(Only 154 cattle with visible lesions at inspection out of 3.4 million carcases seems to be almost too good to be true.)

3. Conduct a full analysis of the DEFRA database and link its information to industry databases to construct a clear national, regional and farm cluster (not merely parish) description of the incidence of TB nationwide. Faster analysis of TB 99 information would assist in compiling this essential instrument of control.

In many cases TB restrictions on neighbouring farms are completely anomalous merely because they are in adjoining parishes.

4. Test all herds in parishes within 30 kilometres of any TB incident on an annual basis until that parish has been clear of TB for at least 3 years.

5. Treat any new TB out-breaks in TB clean areas urgently by testing cattle on all neighbouring farms twice, firstly within two months and then a second time after a 60 day interval. Test sufficient of the local badger population to establish whether the TB flare-up is badger derived or cattle to cattle infection or from some other cause. Such testing could use the PCR method described in 4 (c).

6. In any case immediately introduce field trials on the portable PCR machine described in section 4 (c) of this paper for both badgers and cattle.

7. The NBA would support a blitz on cattle TB using both the skin test and the GI blood test (subject to the comments in section 4 (b)) in repeat TB incidents in low risk areas.

8. The rescheduling of testing areas i.e. six months, one, two and three years using specifically targeted areas or farm clusters rather than parishes, is necessary (see recommendation 3 above).

9. Continue enforcement of test intervals.

10. Where practicable, farmers should maintain records of where individual animals (within groups) have grazed over the summer months  particularly if they have been in fields close to badger setts or fields in which badgers are regularly present. This could provide data valuable to the understanding of local patterns of infection.

11. Reduce TB spread into low risk areas by post-movement isolation and double testing of all cattle carried from high risk to low risk regions. Where SVS veterinary inspection justifies it, cattle housed in isolation from breeding animals and going for slaughter before turn-out, could be put lower on the priority list and might often be slaughtered before a second test.

12. Any translocation of badgers from one area to another (except by DEFRA officials) should be made illegal. All badger sanctuaries should be licensed, regularly inspected, and should have to keep full records of all badgers in their care.

13. Expand the RTA survey of dead badgers throughout all high risk areas and for at least 150 kilometres beyond these. Indicate to farmers where the badger population remains free of infectious TB so they can be reassured that their local badger population is keeping outside badgers at bay. Where TB-infectious badgers are found, employ an experienced local wildlife watcher (such as a gamekeeper) to carry out an urgent survey of the numbers of badgers per sett within the locality to see the extent to which these exceed 8 per sett and to note the number of main setts in a given area.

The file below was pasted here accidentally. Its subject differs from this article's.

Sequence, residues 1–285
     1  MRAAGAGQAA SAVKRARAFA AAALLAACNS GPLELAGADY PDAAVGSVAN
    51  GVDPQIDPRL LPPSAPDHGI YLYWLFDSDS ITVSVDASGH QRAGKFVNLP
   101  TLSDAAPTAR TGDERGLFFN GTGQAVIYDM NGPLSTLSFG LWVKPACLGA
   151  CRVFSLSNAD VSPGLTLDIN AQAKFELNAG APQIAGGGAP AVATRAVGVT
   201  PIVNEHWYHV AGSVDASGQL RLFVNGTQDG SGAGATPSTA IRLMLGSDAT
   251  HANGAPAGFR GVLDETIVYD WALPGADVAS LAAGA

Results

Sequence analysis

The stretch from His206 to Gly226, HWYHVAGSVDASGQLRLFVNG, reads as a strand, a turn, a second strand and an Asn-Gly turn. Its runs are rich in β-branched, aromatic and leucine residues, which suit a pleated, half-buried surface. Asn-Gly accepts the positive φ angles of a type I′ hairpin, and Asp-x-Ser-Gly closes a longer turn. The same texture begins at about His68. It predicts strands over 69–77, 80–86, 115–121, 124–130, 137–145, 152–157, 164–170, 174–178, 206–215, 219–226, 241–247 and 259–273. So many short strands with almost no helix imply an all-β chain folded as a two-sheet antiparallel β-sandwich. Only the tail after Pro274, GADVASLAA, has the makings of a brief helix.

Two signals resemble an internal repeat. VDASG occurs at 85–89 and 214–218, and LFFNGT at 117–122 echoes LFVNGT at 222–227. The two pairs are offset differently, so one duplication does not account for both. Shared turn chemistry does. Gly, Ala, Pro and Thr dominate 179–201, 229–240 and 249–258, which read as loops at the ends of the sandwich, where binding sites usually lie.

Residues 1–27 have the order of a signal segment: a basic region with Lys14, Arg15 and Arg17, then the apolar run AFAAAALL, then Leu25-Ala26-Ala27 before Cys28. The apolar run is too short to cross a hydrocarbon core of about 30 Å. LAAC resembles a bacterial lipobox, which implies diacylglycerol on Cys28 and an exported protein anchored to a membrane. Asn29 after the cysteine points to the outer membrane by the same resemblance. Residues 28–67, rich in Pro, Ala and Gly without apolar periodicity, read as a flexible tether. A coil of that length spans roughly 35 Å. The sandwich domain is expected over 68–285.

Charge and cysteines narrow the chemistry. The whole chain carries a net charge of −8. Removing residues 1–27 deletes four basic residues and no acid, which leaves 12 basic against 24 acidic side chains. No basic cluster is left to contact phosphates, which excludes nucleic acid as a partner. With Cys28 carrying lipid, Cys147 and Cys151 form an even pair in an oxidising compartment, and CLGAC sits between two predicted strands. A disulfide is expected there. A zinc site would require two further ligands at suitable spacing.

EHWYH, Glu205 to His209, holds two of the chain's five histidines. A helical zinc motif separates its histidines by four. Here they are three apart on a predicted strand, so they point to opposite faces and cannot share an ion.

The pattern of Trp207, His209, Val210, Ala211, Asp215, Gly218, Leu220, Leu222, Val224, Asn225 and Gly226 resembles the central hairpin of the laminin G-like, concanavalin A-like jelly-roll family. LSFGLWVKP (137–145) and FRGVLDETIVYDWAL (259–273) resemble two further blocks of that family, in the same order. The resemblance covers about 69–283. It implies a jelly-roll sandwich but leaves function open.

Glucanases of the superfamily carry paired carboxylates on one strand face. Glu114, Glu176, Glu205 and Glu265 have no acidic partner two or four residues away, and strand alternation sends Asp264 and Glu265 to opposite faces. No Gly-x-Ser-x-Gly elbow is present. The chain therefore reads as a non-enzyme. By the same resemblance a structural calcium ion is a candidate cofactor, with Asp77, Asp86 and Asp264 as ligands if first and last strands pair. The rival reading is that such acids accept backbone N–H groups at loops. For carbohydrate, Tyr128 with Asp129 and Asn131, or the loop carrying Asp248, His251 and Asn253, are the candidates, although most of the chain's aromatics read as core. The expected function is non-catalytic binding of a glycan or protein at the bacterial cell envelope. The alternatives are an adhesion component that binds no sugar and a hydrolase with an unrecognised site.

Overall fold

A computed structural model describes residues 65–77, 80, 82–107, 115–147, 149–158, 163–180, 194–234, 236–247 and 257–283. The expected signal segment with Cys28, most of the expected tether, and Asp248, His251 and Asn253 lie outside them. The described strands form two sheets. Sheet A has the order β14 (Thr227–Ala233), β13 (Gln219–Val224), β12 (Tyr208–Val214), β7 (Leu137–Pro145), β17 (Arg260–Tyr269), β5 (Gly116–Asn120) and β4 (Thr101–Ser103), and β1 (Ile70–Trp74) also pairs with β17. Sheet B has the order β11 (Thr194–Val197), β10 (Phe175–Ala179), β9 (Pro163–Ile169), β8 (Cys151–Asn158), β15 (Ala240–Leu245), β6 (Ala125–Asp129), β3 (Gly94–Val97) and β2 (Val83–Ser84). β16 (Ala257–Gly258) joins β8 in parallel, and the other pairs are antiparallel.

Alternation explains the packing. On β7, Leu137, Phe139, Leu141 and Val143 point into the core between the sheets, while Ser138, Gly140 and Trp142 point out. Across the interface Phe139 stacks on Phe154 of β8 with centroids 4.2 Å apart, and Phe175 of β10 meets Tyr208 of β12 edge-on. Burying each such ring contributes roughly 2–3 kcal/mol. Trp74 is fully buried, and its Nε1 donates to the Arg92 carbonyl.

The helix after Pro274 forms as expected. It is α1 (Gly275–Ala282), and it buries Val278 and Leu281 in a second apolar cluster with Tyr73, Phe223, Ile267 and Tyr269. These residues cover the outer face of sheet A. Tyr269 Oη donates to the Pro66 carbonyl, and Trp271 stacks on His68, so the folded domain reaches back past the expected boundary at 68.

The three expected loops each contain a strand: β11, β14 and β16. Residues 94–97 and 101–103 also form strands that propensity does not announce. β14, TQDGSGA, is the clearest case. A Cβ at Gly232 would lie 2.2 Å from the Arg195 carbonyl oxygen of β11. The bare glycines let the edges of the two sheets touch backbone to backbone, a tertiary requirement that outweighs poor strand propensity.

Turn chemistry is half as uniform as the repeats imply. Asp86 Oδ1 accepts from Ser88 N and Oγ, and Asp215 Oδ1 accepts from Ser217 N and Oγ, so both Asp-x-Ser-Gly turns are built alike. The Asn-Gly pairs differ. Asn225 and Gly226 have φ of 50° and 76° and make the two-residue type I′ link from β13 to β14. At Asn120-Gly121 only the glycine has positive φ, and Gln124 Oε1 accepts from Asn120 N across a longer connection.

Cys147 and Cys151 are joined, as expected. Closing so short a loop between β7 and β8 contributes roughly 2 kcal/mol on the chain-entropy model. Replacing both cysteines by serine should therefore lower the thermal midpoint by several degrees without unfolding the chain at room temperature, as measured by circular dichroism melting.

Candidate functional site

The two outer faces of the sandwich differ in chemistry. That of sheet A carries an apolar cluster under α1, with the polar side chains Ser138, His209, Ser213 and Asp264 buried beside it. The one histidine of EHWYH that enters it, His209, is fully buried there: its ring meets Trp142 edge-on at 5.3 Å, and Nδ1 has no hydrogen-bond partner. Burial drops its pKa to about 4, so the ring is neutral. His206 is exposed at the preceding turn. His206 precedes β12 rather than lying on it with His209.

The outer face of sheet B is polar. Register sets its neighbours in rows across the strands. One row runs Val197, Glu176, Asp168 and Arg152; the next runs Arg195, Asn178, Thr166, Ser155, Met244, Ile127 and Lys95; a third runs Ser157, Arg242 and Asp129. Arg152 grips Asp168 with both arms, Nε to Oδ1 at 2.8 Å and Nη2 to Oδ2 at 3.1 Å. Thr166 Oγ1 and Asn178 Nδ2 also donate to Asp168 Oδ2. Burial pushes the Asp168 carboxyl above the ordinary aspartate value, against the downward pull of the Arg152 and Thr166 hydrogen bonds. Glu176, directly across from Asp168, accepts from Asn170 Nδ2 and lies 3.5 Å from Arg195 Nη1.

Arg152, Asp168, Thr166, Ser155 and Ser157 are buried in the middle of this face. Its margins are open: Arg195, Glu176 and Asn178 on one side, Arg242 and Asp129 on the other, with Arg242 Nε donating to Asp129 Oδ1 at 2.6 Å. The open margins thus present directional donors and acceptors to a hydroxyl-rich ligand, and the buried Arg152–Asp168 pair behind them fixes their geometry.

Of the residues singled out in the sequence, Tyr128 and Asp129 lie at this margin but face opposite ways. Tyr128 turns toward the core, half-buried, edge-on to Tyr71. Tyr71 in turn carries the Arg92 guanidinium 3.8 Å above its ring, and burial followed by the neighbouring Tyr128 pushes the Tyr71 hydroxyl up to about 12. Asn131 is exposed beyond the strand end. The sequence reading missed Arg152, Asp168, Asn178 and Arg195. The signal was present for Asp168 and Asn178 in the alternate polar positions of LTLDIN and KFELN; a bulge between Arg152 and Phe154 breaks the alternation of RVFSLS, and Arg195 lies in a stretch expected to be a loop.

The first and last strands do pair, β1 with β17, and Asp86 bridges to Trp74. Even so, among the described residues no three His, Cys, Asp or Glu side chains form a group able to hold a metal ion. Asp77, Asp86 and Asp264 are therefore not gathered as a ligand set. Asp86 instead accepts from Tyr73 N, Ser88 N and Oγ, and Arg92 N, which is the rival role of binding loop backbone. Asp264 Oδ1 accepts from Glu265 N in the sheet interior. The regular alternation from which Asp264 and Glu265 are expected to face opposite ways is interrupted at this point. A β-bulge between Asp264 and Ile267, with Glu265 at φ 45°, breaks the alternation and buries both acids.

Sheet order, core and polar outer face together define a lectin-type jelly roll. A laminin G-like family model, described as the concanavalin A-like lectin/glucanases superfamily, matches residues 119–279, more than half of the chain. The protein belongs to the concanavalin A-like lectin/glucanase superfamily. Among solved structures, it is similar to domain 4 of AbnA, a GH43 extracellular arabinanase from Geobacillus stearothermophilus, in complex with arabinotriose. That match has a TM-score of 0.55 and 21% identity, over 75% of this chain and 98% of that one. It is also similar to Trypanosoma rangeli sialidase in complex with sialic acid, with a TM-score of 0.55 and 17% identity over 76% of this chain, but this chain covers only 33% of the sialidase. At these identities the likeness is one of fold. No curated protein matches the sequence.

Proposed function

14. Krebs reactive trial areas (now only being "observed") should be treated as proactive areas. This should be done to reverse the 27% average increase (compared to the control areas) in TB herd breakdowns caused by the (often much delayed) reactive culls. Now that the main trapping has been done in the proactive areas the DEFRA badger trapping teams can be spread wider.

15. DEFRA must remove the current moratorium on its use of section 10 of the 1992 Protection of Badgers Act which provides for licences to be granted for the removal of badgers for the purpose of preventing the spread of disease, serious damage to land, crops, poultry or any other form of property. This will open the way for limited and targeted removal of badgers under full DEFRA control, with the option for them to check such badgers to ascertain the extent of TB infection.

16. Once the effectiveness of the Krebs proactive treatment is proven, roll this outwards into adjoining TB-infected badger areas and catch any new spread of TB in badgers into lower risk areas. It should be remembered that when the 10 Krebs trial areas were chosen, they covered 75% of the TB restricted areas of the country. They now only represent about 12% of the TB restricted farms. I

17. Subject to the result of the field trials in 4 (c) (PCR testing) ensure that, where TB infected badgers are found within the Krebs trial proactive areas, and in danger spots in clean areas, the infected setts and their social groups are treated with carbon monoxide, and the setts filled in, to eliminate spread of infection to healthy badgers moving inwards. This task should be done working inwards from the outer ring to reduce the risk of infected badgers moving outwards to a clean area. See end note v

18. Publicise through all possible means:

a) The reasons why some badgers need to be culled. Include photographs of emaciated badgers in the final stages of death from TB and of their internal organs post mortem

b) The use of the PCR technique to differentiate between infectious badgers and the rest.

c) The fact that the skin test on cattle is close to 100% effective when repeated at a 60-day interval.

d) The fact that the normal incidence of TB in a herd shows that only a very few cattle have been infected (often only one and more often under 5 in 1,000 cattle), and that farming methods are therefore unlikely to be the prime cause of escalating bovine TB.

e) That the so-called 'bio-security' of attempting to separate badgers from cattle is wholly impractical.

f) The high cost of TB control and the rate at which TB costs are escalating.

g) The fact that bovine tuberculosis can be transmitted to people (children in particular), and pets, from badgers urine, pus or sputum, and that both people and other animals are in at greater risk because of the seven-fold increase in these sources of infection.